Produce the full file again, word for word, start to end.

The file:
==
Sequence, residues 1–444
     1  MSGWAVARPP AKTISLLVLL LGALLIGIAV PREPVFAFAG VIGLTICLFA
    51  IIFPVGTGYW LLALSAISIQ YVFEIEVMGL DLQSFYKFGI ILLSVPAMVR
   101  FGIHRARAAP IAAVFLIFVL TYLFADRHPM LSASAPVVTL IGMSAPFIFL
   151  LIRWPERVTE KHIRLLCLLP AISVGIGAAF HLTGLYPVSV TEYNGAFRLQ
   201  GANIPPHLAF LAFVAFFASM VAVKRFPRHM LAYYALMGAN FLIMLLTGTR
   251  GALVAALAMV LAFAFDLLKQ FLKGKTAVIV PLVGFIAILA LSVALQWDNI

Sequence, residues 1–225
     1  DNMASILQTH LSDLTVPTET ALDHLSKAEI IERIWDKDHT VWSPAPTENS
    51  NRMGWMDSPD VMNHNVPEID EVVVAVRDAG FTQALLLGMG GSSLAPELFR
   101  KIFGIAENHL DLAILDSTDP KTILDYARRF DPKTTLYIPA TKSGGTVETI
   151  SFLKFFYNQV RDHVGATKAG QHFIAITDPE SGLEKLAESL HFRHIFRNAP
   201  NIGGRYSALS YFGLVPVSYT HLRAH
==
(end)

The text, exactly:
Sequence, residues 1–444
     1  MSGWAVARPP AKTISLLVLL LGALLIGIAV PREPVFAFAG VIGLTICLFA
    51  IIFPVGTGYW LLALSAISIQ YVFEIEVMGL DLQSFYKFGI ILLSVPAMVR
   101  FGIHRARAAP IAAVFLIFVL TYLFADRHPM LSASAPVVTL IGMSAPFIFL
   151  LIRWPERVTE KHIRLLCLLP AISVGIGAAF HLTGLYPVSV TEYNGAFRLQ
   201  GANIPPHLAF LAFVAFFASM VAVKRFPRHM LAYYALMGAN FLIMLLTGTR
   251  GALVAALAMV LAFAFDLLKQ FLKGKTAVIV PLVGFIAILA LSVALQWDNI

Sequence, residues 1–225
     1  DNMASILQTH LSDLTVPTET ALDHLSKAEI IERIWDKDHT VWSPAPTENS
    51  NRMGWMDSPD VMNHNVPEID EVVVAVRDAG FTQALLLGMG GSSLAPELFR
   101  KIFGIAENHL DLAILDSTDP KTILDYARRF DPKTTLYIPA TKSGGTVETI
   151  SFLKFFYNQV RDHVGATKAG QHFIAITDPE SGLEKLAESL HFRHIFRNAP
   201  NIGGRYSALS YFGLVPVSYT HLRAH